Let the sun shine in
by Joe DiGiovanni
Next-generation solar technology is on the horizon and Dr. Jier Huang is among those at its forefront.
The National Science Foundation has taken notice of research done by Dr. Jier Huang, an assistant professor of chemistry, and awarded her the foundation’s most prestigious award in support of junior faculty.
Huang received a $555,636 CAREER grant to examine the use of novel materials called metal-organic frameworks as a catalyst for the conversion of solar energy. “Our goal is to develop new, efficient materials that can be used in solar power,” she explains.
Current solar technology converts sunlight into electricity. But Huang is evaluating the process of converting sunlight into hydrogen. She wants to use the hydrogen to replace the fossil fuels typically used to power vehicles.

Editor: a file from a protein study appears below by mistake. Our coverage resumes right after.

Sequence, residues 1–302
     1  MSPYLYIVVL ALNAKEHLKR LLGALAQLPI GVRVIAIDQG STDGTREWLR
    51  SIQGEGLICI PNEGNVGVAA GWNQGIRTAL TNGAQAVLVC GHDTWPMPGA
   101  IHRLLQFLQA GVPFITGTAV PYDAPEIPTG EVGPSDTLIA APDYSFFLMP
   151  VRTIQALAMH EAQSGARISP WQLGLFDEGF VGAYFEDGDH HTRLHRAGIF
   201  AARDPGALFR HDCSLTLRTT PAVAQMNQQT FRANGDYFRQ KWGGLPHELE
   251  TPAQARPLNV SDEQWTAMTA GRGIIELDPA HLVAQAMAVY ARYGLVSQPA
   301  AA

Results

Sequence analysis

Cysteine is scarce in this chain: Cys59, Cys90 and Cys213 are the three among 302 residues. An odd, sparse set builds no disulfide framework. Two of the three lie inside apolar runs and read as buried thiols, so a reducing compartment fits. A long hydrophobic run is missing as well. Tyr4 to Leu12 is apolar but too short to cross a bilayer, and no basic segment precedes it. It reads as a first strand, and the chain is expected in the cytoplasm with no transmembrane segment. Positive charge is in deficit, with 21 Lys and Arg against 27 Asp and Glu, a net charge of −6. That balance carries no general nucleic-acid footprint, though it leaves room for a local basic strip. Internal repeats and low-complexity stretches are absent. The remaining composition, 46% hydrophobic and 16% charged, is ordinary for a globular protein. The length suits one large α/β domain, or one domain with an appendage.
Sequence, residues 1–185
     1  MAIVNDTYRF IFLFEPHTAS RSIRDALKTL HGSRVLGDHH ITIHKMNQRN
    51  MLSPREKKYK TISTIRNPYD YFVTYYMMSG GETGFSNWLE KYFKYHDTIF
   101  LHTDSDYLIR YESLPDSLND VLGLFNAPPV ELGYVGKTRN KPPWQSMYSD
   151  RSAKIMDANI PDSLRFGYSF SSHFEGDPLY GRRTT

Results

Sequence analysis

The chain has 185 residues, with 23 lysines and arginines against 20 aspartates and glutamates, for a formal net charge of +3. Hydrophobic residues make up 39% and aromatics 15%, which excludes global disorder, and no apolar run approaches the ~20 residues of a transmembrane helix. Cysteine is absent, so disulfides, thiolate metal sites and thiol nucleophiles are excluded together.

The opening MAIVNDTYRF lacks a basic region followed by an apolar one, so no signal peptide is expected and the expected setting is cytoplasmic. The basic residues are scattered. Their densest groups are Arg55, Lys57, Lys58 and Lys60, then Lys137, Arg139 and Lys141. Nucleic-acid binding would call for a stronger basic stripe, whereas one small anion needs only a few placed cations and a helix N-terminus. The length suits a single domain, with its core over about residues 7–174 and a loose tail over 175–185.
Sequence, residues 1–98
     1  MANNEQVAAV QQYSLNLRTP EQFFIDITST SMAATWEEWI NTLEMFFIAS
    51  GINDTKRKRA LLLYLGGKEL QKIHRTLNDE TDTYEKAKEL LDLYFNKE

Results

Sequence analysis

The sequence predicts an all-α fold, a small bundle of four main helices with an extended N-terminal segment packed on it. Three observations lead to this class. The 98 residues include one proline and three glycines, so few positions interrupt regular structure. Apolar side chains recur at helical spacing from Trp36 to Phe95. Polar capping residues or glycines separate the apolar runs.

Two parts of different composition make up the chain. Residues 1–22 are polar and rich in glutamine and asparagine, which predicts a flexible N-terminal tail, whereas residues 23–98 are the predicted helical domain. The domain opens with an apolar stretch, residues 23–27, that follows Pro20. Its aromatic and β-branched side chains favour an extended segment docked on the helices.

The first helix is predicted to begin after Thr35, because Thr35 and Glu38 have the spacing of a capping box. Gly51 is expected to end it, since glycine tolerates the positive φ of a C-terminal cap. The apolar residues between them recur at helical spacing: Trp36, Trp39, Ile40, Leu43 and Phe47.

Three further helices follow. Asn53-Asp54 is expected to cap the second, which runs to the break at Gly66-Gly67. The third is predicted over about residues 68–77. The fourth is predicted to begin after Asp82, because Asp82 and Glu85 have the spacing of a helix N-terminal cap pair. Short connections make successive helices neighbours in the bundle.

The catalyst Huang is using for the process is a metal-organic framework material with a technical name, photoactive zeolitic imidazolate frameworks. These materials typically contain iron, cobalt, copper or zinc. Huang’s research is focused on understanding the properties of the materials and how they could function in photocatalytic reactions that would lead to solar energy conversion.
Converting solar energy into a liquid fuel will take a multistep process. Huang’s work is considered one of the early steps in the research arc that will ultimately lead to engineers working to build a device that can convert the energy into fuel.
Huang, who received a Way Klingler Young Scholar Award earlier this year, is principal investigator. She is aided by four graduate students, an undergraduate student and a visiting professor. Her team will conduct its research at Marquette and also travel to the Argonne National Laboratory to use its synchrotron radiation source in measuring samples.